• Playability

    Playability is affected by the guitar's neck and string setup. Nut width is a good indication of how wide a neck is, if you have big fingers and large hands, you'd want a wider fingerboard, while those with smaller hands will enjoy ones with narrow neck. Scale length describes the length on which the strings are stretched on a guitar, shorter scale length requires less tension and are easier to play. Since acoustic tone is affected by string tension, many prefer standard size scale lengths for their sound. String height is also important, and this has most to do with how the guitar is setup at the factory. Thankfully many of the guitars in this price range come set up properly, but there are times when you'll need to have it setup by a professional to get the most out of the instrument.

  • Appearance

    An instrument that is pleasing to the eye will inspire you to practice and play better, and since many guitars in this price range come with many color and finish variants, you have a wide variety of designs to choose from. Build quality is also important, and this is where brand reputation and recognition factors in.

Detailed Descriptions of The Best Acoustic Guitars Under $300

Ibanez AC240

Ibanez AC240

Back when amplifiers were not yet available, orchestra profile acoustics were in demand for their natural loud projection that can be heard even in big-band settings. Their relatively bigger body helps balance the lower and higher frequencies resulting in a louder and fuller sound that is still in demand up to this day.

The AC240 is a modern take on the classic orchestra design, providing the benefits of a big body along while adding Ibanez' brand of playability into the mix. For the body, Ibanez utilized a non-traditional tonewood called okoume, which shares a very similar look and feel to mahogany, but lighter and more sustainable. The use of solid okoume on the top and laminate okoume on the body give the guitar a distinctly earthy appearance, and it also warms up the resulting tone.

Ibanez equipped this guitar with neck that's a bit wider at 45 mm, which makes sense because it fits the guitar's body profile. It also makes it easier for those with bigger hands to play. Scale length is shorter at 24.96', which lessens the tension slightly for easier fretting.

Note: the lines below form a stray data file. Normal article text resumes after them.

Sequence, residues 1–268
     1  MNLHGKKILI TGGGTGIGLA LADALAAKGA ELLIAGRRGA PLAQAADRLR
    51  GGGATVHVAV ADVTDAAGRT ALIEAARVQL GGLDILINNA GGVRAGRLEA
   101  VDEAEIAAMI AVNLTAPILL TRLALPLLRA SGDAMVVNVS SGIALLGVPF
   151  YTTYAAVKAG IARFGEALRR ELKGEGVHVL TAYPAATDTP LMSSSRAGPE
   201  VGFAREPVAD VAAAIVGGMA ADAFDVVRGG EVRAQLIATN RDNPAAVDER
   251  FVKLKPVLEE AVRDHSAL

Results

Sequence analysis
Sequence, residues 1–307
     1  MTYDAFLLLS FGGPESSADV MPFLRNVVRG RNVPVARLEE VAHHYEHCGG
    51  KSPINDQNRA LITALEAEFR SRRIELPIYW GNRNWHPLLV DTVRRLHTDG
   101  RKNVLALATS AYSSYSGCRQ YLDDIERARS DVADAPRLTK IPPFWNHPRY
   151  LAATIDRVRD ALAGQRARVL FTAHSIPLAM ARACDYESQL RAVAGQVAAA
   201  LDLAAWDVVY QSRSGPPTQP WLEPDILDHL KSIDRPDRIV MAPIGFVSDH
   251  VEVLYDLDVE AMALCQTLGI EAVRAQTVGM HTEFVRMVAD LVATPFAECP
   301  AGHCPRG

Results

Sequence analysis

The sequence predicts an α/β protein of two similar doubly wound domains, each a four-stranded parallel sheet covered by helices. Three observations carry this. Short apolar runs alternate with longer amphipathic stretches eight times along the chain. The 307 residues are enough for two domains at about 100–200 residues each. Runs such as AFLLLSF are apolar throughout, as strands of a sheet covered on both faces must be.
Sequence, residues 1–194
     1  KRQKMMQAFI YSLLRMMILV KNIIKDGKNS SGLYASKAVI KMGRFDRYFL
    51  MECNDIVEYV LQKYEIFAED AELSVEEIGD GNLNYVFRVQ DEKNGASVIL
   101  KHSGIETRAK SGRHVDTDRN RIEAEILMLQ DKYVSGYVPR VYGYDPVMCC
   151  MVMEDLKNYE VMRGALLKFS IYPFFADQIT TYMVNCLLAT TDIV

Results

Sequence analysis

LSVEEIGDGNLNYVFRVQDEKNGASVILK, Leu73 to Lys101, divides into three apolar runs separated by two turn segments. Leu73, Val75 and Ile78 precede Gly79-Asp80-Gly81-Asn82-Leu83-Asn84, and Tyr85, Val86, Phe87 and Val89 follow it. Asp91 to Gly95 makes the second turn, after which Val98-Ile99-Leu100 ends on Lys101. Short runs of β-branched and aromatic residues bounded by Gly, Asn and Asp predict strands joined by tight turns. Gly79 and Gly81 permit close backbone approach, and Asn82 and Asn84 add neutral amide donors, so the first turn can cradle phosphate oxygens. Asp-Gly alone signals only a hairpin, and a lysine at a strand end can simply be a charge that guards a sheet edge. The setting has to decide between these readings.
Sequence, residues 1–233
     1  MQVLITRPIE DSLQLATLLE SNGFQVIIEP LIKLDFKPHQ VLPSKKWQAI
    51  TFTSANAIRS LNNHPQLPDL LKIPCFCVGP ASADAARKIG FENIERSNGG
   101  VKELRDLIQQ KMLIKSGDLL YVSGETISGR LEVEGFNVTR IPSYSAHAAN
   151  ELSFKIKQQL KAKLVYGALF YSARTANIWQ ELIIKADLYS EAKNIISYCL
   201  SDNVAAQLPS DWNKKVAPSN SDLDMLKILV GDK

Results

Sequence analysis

Specifications:

  • Body Shape: Grand Concert
  • Top: Solid Okoume
  • Back and Sides: Laminated Okoume
  • Finish: Natural
  • Bridge: Ovangkol
  • Neck: Nato
  • Neck Profile: Slim (21mm at 1F)
  • Fingerboard: Ovangkol
  • Fingerboard Radius: 15.75" / 400 mm
  • Number of Frets: 20
  • Frets to Body: 14
  • Scale Length: 24.96" / 634 mm
  • Nut Width: 1.77" / 45 mm

While there is no replacing the sound of traditional spruce-topped guitars, many are finding the warmer tone of okoume to be just what they need. Coupled with its orchestra body and Ibanez' smooth action neck, the AC240 should be at the top of your list if you're looking for an affordable and highly playable acoustic guitar.

The Ibanez AC240 has enough projection and warmth for blues style playing, as shown on the video below:

Takamine GD20-NS

Takamine GD20-NS

While Takamine is better known for their acoustic-electric guitars, they have a great line up of affordable acoustics with no pickups, the GD20-NS being a prime example. This is a dreadnought acoustic with some interesting twists added to the design, most notable of which is the use of Takamine's distinct split-saddle.

Another noteworthy feature is the use of solid cedar on the top, a type of tonewood that's usually seen on classical guitars. Compared to spruce, the use of cedar adds a bit more warmth and low-end to the resulting tone, something that fingerpickers will appreciate. And since the top is crafted from solid wood, the tone is expected to sound better as it ages, and this is reflected on many user reviews.

The guitar's mahogany neck doesn't stray much from familiar territory, with its satin feel, 25.3" scale length, and 1.6875" nut width. It is topped by a 12" radius rosewood fingerboard and features basic fretmarker inlays.

Specifications:

  • Body Shape: Dreadnought
  • Top: Solid Cedar
  • Back and Sides: Laminated Mahogany
  • Finish: Natural
  • Bridge: Rosewood
  • Neck: Mahogany
  • Neck Profile: Slim